What is an aparthotel? Can I convert to one?

 

An aparthotel comes under C1 Use Class. This might also be known as a serviced apartment, apartment hotel, extended-stay hotel or even a residential hotel. Whatever you call it, what actually is it? How does it differ from short-term lets or serviced accommodation?

It is one of those made up terms (like serviced accommodation), but as we are seeing more and more of them, we need to try and understand them.

Read on to understand as to whether your Aparthotel is actually Use Class C1 or not.

 

Dining and living room of an aparthotel

 

With the impending introduction of Use Class C5 for short term lets or serviced accomodation we are seeing a number of people looking to create aparthotels instead. The problem is you need to be careful. An aparthotel is not simply a number of SA or short-term lets operating in the same building, even if they have some form of keybox entry or even perhaps a digital check-in. It needs more than that to qualify as a C1 Aparthotel.

Therefore, if converting say an old tired Bed and Breakfast into a building for apartment stays, you need to keep on the right side of planning. That original B&B served breakfast and probably had a lounge for guests. As a result it fell neatly into Use Class C1.

Use Class C1 according to the Use Class Order 1987 says ‘Use as a hotel or as a boarding or guest house where, in each case, no significant element of care is provided’ – therefore whilst it does not mention aparthotels in the UCO, what you provide needs to still fit into the description.

At the end of the day and aparthotel needs to still qualify as a hotel or as a boarding house or a guest house. For obvious reasons (the clue is in the name) it needs to function as a hotel. Albeit a small hotel.

 

Facilities of an aparthotel

 

In the apartment room itself, one might expect to see a bed and shower as a given, but also a kitchen or kitchenette (needs to be well equipped for self-catering), a dining table, somewhere to sit and relax, a dedicated work space and more. It ought to be suitable for extended stays.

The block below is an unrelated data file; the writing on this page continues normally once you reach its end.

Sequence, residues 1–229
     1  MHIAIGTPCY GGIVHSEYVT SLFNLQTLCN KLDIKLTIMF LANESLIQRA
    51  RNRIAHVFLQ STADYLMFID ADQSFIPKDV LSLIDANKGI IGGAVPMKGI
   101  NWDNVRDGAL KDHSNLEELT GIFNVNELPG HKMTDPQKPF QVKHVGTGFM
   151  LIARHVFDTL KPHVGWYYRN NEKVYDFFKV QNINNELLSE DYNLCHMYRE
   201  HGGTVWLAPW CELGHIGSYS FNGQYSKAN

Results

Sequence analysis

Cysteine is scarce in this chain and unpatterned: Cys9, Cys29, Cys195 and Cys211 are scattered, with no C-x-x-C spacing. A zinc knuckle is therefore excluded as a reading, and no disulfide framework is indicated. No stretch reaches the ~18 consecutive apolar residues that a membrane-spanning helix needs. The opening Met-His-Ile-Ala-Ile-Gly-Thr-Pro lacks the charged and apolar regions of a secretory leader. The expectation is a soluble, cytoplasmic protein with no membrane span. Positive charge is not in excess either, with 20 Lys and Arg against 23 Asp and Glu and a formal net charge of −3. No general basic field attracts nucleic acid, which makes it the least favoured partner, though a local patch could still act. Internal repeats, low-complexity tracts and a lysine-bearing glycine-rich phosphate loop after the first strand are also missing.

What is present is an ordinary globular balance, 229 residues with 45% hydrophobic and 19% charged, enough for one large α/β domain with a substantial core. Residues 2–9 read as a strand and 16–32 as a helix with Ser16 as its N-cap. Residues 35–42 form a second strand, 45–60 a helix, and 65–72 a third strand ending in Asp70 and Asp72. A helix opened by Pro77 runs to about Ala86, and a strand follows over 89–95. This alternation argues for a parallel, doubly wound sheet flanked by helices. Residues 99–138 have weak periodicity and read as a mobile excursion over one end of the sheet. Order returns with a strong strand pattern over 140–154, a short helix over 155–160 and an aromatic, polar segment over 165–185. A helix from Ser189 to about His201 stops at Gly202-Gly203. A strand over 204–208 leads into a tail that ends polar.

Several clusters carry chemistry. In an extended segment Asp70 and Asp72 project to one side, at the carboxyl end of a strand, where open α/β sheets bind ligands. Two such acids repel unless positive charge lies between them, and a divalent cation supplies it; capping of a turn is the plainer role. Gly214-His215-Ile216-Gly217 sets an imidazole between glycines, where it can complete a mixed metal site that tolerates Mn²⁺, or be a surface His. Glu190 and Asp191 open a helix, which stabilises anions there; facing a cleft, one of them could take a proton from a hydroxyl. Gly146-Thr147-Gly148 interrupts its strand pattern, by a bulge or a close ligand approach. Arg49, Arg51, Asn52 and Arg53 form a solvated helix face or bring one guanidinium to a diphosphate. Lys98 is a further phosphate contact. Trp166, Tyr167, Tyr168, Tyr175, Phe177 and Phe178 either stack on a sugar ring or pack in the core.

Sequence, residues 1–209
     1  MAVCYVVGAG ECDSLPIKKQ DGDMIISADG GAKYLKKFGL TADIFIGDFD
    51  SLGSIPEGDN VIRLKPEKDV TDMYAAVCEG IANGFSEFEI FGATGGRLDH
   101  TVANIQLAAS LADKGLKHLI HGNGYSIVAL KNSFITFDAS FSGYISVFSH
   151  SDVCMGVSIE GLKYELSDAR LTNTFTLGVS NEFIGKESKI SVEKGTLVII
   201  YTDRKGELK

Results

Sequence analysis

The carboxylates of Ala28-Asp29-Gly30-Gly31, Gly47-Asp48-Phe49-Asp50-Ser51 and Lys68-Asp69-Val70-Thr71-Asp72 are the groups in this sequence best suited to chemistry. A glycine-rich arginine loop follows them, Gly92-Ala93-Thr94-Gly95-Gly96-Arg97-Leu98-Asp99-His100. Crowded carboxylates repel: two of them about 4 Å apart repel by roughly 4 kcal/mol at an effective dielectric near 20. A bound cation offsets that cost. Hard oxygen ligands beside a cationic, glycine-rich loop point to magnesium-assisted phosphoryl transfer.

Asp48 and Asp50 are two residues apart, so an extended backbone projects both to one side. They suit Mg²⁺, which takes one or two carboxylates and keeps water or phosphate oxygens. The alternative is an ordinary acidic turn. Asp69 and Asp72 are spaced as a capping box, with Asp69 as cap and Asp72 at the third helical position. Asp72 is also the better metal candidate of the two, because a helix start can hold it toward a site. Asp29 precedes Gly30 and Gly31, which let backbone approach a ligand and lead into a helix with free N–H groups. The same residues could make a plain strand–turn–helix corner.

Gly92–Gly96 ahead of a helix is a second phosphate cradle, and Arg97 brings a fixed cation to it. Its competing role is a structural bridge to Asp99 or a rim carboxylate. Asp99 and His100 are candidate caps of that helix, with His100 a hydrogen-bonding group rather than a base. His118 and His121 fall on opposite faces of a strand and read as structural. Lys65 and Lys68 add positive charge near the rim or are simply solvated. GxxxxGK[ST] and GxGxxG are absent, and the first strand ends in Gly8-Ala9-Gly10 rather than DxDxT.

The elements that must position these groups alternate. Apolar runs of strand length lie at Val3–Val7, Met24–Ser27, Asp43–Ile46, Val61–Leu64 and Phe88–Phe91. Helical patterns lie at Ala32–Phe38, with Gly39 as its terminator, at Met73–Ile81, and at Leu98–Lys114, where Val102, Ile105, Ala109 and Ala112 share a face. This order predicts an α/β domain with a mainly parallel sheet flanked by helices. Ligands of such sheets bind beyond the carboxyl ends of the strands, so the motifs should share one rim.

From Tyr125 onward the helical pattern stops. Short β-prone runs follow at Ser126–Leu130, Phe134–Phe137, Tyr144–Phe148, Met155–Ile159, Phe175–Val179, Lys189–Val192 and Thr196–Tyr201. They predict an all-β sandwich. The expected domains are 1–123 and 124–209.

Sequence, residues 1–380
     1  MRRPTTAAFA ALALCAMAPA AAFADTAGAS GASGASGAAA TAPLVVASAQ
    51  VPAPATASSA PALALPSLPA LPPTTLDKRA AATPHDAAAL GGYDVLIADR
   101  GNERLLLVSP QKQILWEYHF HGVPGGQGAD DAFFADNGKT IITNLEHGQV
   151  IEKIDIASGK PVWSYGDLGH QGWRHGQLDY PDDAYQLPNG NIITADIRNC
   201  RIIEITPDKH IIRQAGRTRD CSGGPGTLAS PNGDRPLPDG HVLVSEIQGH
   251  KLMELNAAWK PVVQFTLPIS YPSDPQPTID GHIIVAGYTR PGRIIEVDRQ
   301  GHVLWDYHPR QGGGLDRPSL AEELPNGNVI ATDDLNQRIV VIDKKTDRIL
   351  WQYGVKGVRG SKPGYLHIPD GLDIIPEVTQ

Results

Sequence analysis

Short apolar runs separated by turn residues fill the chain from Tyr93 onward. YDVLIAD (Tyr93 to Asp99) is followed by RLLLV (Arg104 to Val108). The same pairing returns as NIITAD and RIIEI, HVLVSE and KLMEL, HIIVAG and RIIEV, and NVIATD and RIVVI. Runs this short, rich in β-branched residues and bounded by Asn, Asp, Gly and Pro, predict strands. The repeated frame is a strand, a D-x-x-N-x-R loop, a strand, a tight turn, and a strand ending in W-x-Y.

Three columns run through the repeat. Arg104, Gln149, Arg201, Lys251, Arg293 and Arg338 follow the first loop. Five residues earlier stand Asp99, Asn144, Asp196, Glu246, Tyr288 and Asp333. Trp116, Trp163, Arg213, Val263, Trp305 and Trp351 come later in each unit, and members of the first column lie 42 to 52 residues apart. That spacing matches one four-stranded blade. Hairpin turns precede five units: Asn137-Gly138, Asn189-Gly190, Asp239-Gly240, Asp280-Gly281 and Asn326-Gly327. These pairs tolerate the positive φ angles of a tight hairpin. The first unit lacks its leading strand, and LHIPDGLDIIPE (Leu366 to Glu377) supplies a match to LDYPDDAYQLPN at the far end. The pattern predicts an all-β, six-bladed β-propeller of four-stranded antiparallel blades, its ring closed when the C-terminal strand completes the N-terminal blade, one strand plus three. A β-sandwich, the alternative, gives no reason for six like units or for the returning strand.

All that is fine for the room, but that alone does not qualify as an aparthotel. The building will need a bit more to be suitable for anything more than a long weekend away. Whilst this list is not exhaustive, your aparthotel should have at least one or more of the following:-

  • Self-serve laundry in the communal area
  • 24-hour reception and concierge (guests should not be expected to use a keybox)
  • 24/7 Vending machines
  • A pantry for snacks
  • Daily housekeeping
  • A gym
  • Breakfast option included – might be just a bagel and coffee for example or a better offering
  • A chill out space for guests to mix

Offering communal free wifi isn’t going to cut it either. Whilst that is a given these days, along with the en-suite, the building needs to offer one or more communal facility for guests.

If your building does not offer at least one or more of the above, then it is unlikely to qualify as a C1 aparthotel and instead might fall foul of planning. This would then be subject to enforcement. If this is a conversion from that B&B it would have required a change of use. So instead of cramming that extra bedroom in, look to create some communal space as well.

If that aparthotel room isn’t suitable for a stay of a week or two and the guest needs to rely on external providers, then it probably doesn’t qualify. Of course guests are not compelled to use the facilities on offer, but some must exist. Let’s face it, you wouldn’t expect to walk into a hotel or B&B and just see rooms with no communal space. The same is true of aparthotels. It is at the end of the day a small hotel!

Maybe that conversion from a B&B needs a bit more thinking…….

 

Page Updated: 12th May 2024

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